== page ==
LONDON, June 2, 2014 /PRNewswire/ --
Faith leader describes 'new low' in litany of human rights abuses
A spate of human rights abuses across the so-called Islamic world reflect how far removed some Muslims have gone from the true teachings of faith, says a UK religious leader.
Rafiq Hayat, National President of the Ahmadiyya Muslim community says the actions of extremists had reached 'a new low' in the conduct of some Muslims.
He cited the appalling abuse of faith in:
- the case of Meriam Ibrahim, the Sudanese Christian woman who had been sentenced to death because of her religion
- the stoning to death of Farzana Parveen outside the High Court in Lahore, Pakistan in broad daylight
- the murder of US surgeon Dr Mehdi Ali Qamar, an Ahmadi Muslim who was in Pakistan to provide free cardiac treatment
Rafiq Hayat said "The widespread prevalence of hate and extremism shows how far removed some Muslims are from the true teachings of faith. Islam teaches tolerance and humanity while some so-called Muslims demonstrate the exact opposite and claim it is in the name of religion.
"It is an article of faith that there is absolutely no compulsion in matters of religion - people are free to choose any faith or no faith at all - it is for God to judge them, not men on earth playing God. We call upon the Sudanese Government to release Meriam Ibrahim and uphold the Islamic principle of freedom of religion.
"The terrible killings in Pakistan point to a deep malaise in the root and branch of society. The obscene blasphemy laws mean anyone can be victimised, and laws that enforce religious apartheid mean minorities are under constant attack.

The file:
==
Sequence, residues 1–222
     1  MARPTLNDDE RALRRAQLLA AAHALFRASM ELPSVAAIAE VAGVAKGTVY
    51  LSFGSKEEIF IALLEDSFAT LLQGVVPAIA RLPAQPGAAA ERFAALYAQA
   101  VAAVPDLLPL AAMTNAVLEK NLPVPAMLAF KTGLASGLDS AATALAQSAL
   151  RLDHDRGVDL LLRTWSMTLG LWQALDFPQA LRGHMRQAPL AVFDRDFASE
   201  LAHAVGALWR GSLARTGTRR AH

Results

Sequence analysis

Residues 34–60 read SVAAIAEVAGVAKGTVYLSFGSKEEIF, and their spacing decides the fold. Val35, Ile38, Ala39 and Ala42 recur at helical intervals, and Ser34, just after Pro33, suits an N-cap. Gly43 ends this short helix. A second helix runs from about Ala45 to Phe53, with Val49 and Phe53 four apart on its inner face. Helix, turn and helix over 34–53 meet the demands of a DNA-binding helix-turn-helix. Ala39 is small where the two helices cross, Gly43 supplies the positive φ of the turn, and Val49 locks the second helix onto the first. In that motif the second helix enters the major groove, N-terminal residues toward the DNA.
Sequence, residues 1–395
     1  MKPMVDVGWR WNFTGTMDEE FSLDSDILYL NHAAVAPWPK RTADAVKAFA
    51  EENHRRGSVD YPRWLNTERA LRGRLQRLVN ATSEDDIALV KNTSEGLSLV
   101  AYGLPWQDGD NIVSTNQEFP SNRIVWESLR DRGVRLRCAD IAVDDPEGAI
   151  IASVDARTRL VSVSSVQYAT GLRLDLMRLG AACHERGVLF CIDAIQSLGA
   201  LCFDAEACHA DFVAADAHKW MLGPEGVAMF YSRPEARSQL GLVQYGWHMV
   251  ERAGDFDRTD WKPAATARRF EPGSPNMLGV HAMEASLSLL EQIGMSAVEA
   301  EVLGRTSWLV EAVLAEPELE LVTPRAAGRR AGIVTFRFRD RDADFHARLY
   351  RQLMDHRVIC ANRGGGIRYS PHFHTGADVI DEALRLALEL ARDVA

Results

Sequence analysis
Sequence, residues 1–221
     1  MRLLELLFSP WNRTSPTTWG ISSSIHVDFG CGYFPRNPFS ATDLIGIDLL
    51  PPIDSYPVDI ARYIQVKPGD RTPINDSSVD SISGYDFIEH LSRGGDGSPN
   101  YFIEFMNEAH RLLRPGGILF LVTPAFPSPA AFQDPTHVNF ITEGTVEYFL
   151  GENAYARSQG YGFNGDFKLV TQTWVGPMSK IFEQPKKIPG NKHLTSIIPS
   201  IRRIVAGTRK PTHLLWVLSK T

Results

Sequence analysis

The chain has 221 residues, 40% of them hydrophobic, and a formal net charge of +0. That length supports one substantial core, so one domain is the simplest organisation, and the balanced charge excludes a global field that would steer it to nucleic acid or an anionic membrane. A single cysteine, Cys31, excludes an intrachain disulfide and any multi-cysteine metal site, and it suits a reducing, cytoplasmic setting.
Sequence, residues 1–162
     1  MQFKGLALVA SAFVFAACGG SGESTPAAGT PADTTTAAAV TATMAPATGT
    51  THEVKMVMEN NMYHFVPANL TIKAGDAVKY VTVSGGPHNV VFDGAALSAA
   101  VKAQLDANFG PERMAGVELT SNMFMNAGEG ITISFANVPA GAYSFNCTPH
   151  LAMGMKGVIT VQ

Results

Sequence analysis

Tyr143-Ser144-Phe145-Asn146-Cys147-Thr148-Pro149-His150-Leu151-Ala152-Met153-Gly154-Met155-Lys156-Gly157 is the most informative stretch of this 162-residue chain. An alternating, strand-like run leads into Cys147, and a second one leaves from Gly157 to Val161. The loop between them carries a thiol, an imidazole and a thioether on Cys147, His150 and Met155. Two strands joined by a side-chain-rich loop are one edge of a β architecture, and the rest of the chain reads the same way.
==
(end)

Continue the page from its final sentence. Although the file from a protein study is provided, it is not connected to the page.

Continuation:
"The cold-blooded murder of a member of our community who had gone from America to provide life-saving surgery signals how serious state of affairs is in Pakistan."
The murder of Dr Qamar (50) - who is survived by a wife and three young sons - is the latest in a long line of target killings of Ahmadi Muslims that accelerated since April 1984 when the then dictator General Zia, amended the country's penal code and declared it a crime for an Ahmadi to call himself a Muslim, a crime punishable by death under the country's blasphemy laws.
Rafiq Hayat added: "The abuse of women in Pakistan came to world attention following the case of the schoolgirl Malala who was shot in the head by the Taliban. The extremist mentality has pervaded many parts of society leaving women in daily peril of chauvinistic, discriminatory and abhorrent attitudes and practices. This must stop."
Basharat Nazir email@example.com Tel +44-7703-483-384
Mahmood Rafiq Tel +44-7971-060-962
SOURCE Ahmadiyya Muslim Association UK